Largest N.M. medical pot producer suing state

By Steve Terrell
Posted 12/19/18

Producers have to pay fees of up to $90,000 a year, while manufacturers of cannabis-infused products only have to pay $1,000 a year.

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Largest N.M. medical pot producer suing state


Ultra Health, New Mexico's largest producer and seller of medical marijuana, is challenging the way the state regulates makers of edibles, salves, lotions and other cannabis-infused products for sale in dispensaries.

A lawsuit challenging the state Health Department's policies for licensing these manufacturers asserts the law that created the state Medical Cannabis Program does not actually authorize the licensing of such businesses.

However, the lawyer representing Sandoval County-based Ultra Health, state House Speaker Brian Egolf, D-Santa Fe, said Monday the suit is not intended to put the manufacturers out of business.

"The goal is to come up with a fair fee structure," he said.

Under the current law, licensed producers grow and cultivate the marijuana. The producers transport raw plant material to manufacturers who in turn make candy, baked goods, beverages or products such as pills, salves or tinctures to be sold in the producers' dispensaries.

The suit says Ultra Health, which operates more than a dozen dispensaries statewide, is suffering "direct and immediate injury" because producers like Ultra have to pay fees of up to $90,000 a year, while manufacturers of cannabis-infused products only have to pay $1,000 a year.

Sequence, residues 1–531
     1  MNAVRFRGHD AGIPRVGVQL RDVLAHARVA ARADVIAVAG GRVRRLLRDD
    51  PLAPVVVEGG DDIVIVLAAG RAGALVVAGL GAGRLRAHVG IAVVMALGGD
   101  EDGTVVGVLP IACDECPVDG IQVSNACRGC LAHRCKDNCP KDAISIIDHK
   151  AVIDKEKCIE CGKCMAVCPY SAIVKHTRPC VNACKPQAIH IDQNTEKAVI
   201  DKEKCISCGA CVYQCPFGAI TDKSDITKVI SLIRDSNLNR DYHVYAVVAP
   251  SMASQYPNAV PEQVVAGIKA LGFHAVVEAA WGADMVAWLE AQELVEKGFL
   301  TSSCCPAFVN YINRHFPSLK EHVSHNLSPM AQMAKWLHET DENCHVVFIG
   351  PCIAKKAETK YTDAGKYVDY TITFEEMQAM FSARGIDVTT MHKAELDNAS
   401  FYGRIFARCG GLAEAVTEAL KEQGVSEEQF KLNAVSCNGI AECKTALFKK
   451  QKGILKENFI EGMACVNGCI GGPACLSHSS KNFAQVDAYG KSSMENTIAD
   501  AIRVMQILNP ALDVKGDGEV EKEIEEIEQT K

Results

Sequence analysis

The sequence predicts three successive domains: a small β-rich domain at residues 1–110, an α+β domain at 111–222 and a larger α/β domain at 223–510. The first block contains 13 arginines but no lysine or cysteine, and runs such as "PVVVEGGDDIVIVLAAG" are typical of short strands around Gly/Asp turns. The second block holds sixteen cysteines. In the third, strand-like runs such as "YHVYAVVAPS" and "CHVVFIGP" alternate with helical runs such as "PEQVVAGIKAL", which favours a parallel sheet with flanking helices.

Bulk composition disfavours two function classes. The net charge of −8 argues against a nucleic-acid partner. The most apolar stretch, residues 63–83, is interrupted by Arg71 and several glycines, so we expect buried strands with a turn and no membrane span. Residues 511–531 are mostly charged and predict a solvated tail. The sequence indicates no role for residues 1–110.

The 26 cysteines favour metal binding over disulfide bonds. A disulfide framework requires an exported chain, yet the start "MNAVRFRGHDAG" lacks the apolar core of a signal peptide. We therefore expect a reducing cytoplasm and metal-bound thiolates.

The program has licensed 14 manufacturers of such products, according to the Health Department's website.

Unlike Ultra Health and the 34 other licensed medical cannabis producers in the state, including two in Taos, manufacturers don't have to be nonprofit organizations.

Ultra Health is owned by Duke Rodriguez, who was health secretary under former Gov. Gary Johnson.

Health Department spokesman David Morgan said his agency had not seen the lawsuit and doesn't comment on pending litigation.

Egolf said he would like to see a system in which a manufacturer would have to work under one of the licensed producers.

He also noted that the law only protects licensed producers, patients approved by the Health Department for the program and patient caregivers against criminal and civil penalties related to marijuana.

The Medical Cannabis Program has exploded in popularity in the past year. According to Health Department statistics, 66,725 active patients were in the program as of Nov. 30, about 21,000 more than at the same time last year.


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